Sign up to gain exclusive access to email subscriptions, event invitations, competitions, giveaways, and much more.
The IT giant demonstrated some of its the upcoming products.
Microsoft’s Open House event in Sydney started off on a high note with presentations by Microsoft Xbox director, David McLean, and developers from Bungie and Lionhead studios.
While there was mention of a host of new products from the IT giant, the focus was very much on the Xbox and its upcoming motion control system, Kinect.
Halo Reach was available for play although journalists had to sign a non-disclosure agreement.
Microsoft also hosted an Open House tour where Xbox LIVE senior product manager, Andrew Jenkins, played house with other Microsoft staff to demonstrate a host of the latest products, including the new and improved Windows Mobile.
Microsoft originally planned a hands-on demonstration of Windows Phone 7, but flight issues saw the preview scaled down (pictured).
Microsoft hosted an Open House tour where Xbox LIVE senior product manager, Andrew Jenkins, played house with other Microsoft staff to demonstrate a host of the latest products, including the new and improved Windows Mobile 7.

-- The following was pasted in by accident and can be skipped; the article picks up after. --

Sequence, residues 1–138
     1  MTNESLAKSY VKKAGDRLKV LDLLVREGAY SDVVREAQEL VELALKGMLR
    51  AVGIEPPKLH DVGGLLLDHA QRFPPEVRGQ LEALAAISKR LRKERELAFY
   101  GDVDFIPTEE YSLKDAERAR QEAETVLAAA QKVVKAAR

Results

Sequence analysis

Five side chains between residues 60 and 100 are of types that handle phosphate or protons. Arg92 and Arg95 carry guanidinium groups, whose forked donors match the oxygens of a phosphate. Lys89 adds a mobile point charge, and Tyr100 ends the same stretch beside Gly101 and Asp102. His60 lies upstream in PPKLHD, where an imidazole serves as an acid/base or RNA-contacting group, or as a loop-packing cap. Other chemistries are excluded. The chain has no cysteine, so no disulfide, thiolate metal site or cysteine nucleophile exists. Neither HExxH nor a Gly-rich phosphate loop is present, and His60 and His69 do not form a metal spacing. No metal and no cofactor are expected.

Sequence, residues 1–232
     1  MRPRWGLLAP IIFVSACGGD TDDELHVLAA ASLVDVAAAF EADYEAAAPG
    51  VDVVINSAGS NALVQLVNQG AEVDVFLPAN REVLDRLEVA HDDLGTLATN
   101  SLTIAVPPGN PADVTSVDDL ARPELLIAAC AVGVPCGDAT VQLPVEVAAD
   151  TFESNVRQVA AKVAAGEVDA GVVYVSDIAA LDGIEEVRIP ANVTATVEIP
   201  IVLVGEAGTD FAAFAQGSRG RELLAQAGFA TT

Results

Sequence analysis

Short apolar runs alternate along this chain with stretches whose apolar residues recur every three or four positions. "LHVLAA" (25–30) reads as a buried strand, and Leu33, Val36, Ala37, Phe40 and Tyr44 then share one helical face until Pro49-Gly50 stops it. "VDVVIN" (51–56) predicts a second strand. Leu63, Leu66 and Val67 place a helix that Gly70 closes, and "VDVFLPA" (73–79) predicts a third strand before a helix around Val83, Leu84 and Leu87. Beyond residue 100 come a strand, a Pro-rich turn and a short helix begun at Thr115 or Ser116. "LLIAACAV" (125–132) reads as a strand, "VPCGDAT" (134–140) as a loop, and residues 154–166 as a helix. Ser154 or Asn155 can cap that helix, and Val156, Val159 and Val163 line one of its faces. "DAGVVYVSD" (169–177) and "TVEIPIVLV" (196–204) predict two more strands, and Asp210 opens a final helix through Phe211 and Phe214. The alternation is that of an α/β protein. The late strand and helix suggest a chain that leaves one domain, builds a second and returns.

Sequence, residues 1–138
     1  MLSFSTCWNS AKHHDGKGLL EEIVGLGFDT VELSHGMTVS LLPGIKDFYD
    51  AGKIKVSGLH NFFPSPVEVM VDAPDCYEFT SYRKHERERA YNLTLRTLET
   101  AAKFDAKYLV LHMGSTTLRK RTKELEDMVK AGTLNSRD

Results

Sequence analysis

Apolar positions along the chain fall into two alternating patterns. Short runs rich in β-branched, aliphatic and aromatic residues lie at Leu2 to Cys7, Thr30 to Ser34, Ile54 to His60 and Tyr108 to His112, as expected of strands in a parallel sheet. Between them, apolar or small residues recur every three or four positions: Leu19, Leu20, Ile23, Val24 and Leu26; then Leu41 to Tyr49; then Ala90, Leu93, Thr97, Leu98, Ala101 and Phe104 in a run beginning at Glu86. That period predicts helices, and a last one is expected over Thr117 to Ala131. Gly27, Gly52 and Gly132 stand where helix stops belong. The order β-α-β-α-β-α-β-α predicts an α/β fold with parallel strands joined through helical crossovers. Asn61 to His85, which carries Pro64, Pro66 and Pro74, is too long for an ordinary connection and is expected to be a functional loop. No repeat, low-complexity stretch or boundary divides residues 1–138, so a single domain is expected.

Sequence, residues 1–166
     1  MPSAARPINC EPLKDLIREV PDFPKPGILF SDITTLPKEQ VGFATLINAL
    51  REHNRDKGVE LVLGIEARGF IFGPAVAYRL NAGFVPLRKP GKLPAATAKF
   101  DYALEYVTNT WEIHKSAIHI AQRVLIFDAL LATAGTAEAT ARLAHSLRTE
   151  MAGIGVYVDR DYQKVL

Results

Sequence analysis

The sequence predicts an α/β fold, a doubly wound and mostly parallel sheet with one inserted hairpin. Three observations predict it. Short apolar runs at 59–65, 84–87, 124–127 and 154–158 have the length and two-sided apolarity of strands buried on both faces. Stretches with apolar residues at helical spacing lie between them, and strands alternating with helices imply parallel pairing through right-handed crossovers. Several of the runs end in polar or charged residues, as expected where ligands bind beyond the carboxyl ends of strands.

Microsoft Xbox director, David McLean.
Kinect's Jeremy Hinton demonstrates the 3D tech behind the new technology.
Kinect for Xbox 360 will launch in Australia on 18th of November. The standalone device will cost $199 and is compatible with all Xbox 360 consoles. You can also buy Kinect bundled with an Xbox 360 Slim and the game Kinect Adventures, for $449.
Andrew Jenkins showcases some of the Xbox 360's new multimedia capabilities.
Business in the park (and in the cloud).
Microsoft Open House
The press gets sweaty in the Kinect playroom.
Exercise is one of the key selling points of Kinect, as demonstrated by games such as UbiSoft's Fitness Evolved.
Journalists flailed uncoordinatedly in the Kinect Dance Central booth.
Kinect Dance Central
Microsoft Open House, Luna Park Sydney
Women in ICT Awards
ARN Innovation Awards
Emerging Leaders 2020